Co-ops in Manitoba are incorporated under the Cooperatives Act of Manitoba.  

Co-ops are a business model that can be adapted to virtually any type of business – whether it be a co-op to provide housing to its’ members or a co-op to provide employment for its’ workers.  In Manitoba, there are 7 types of co-ops:

  1. Producer co-ops / marketing co-ops - Producer co-ops are generally owned by independent producers or entrepreneurs who market their products and services and / or purchase their supplies and equipment through the co-op.  Members join these co-ops as a way to reduce operating costs, increase marketing power and gain access to other services and supports. 
  2. Consumer co-ops – Consumer co-ops are owned by members who are able to use the co-op’s services.  They can be operated in different ways – as a buying club where members place orders and benefit from bulk buying, as retail stores where members come in and shop or as service providers where members are provided with services such as internet, cable or water.
  3. Worker co-ops – Worker co-ops provide employment to their members.  A worker co-op is owned by its’ employees and operated in a democratic fashion where the members / employees have input into the policies of the co-op.
  4. Housing co-ops – Housing co-ops provide housing to their members.  In Manitoba, most housing co-ops are incorporated as non-profit.  Members purchase shares in the co-op and pay monthly housing charges to cover the anticipated costs of operating the co-op on an annual basis.  Members have a vote in the decision making of the co-op.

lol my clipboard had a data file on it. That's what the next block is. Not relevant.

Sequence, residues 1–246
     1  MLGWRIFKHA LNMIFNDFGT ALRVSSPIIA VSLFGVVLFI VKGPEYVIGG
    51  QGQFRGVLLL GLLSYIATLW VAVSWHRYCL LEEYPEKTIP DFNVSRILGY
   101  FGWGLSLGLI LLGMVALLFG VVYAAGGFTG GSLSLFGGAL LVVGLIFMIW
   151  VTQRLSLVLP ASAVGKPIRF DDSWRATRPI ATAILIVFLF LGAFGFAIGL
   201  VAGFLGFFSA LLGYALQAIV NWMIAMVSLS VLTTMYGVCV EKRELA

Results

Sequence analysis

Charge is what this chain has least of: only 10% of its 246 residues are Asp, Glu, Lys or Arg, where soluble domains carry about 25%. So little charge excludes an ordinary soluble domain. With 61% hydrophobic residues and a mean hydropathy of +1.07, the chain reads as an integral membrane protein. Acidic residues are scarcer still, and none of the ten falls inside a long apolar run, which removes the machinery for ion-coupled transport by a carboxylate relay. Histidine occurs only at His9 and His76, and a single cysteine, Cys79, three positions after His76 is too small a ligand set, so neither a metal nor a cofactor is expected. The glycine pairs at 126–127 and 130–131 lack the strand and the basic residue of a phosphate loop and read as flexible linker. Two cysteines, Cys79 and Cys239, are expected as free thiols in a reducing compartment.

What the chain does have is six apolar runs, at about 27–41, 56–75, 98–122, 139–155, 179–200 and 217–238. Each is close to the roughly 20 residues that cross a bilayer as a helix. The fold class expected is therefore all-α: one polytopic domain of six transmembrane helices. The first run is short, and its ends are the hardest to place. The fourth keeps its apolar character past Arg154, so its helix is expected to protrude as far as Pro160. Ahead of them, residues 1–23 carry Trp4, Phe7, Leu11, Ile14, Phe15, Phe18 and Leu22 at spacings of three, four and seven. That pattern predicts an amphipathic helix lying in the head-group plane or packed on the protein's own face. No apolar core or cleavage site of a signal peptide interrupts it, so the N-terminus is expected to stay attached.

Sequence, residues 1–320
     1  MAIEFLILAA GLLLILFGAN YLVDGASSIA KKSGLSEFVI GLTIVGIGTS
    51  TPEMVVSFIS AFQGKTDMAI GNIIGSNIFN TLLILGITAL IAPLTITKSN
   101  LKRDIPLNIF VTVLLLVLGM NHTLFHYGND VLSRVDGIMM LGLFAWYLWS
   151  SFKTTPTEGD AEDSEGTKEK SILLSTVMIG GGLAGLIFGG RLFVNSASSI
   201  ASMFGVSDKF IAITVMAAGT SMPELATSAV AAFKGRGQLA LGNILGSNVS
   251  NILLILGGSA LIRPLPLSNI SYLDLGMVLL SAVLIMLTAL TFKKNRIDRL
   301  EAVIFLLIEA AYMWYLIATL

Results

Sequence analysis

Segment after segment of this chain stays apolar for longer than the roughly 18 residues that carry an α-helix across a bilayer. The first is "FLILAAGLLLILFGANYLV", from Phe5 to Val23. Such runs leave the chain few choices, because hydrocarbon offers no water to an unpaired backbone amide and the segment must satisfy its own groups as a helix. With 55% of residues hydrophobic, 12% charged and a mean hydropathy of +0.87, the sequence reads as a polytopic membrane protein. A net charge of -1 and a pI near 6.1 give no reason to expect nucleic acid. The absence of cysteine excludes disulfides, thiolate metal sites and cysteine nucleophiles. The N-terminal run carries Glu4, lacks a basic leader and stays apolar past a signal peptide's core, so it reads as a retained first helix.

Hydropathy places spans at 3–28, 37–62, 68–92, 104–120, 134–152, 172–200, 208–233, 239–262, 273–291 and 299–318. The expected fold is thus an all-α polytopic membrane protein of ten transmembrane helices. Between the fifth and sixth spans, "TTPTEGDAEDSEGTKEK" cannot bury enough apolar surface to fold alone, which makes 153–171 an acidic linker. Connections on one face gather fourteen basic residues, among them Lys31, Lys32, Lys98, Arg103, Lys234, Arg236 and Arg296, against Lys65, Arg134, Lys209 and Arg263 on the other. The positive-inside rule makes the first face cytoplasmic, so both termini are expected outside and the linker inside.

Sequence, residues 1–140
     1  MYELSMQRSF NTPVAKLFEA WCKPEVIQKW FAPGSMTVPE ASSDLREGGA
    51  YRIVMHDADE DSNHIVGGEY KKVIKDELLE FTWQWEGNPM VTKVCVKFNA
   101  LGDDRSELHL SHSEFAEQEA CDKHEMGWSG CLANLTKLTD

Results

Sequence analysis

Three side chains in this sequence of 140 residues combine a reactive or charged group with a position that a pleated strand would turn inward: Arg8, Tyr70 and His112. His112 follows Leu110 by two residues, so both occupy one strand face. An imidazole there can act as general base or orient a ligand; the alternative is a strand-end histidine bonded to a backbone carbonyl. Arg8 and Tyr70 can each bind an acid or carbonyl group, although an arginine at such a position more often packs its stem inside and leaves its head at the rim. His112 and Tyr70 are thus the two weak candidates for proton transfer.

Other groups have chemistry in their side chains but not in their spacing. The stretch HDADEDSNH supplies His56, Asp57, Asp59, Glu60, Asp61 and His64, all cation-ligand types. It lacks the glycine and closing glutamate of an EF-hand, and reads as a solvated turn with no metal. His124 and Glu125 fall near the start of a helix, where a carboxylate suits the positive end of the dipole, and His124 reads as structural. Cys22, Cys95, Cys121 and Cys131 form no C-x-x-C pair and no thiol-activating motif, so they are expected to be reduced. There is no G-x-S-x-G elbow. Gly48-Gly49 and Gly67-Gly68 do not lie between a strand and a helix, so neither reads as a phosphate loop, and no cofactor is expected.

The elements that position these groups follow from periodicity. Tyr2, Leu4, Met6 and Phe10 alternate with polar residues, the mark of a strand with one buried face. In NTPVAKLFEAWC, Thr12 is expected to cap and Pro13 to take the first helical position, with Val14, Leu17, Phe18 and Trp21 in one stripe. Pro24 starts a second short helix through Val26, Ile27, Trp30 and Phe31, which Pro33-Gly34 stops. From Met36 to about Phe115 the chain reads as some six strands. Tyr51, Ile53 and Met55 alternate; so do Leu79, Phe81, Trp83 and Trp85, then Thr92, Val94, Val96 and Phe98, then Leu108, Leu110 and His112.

5. Financial co-ops – Financial co-ops are essentially consumer co-ops that provide financial services to their members.  The most common are credit unions or caisses populaires.  Credit unions or caisses populaires provide the same services as banks but are owned by the members.
  6. New generation co-ops - New Generation cooperatives are found in agriculture, forestry, fishing and other industries that are supplied by producers. Members have both the right and obligation to deliver a certain amount of farm product to the cooperative each year.   Typically, higher equity investments are required by members in order to establish a processing plant. Furthermore, the number of members is limited to those who purchase delivery rights, as well as by the processing capacity of the plant.
  7. Multistakeholder co-ops – Multistakeholder co-ops allow groups that normally form separate co-ops, such as workers and consumers, to combine their resources to create a co-op together.  

Manitoba Cooperative Association can help your co-op and its’ members with day to day operating or corporate governance issues and in some cases with dispute resolution or help you explore whether the cooperative model is right for you.  Please contact us if you need assistance.

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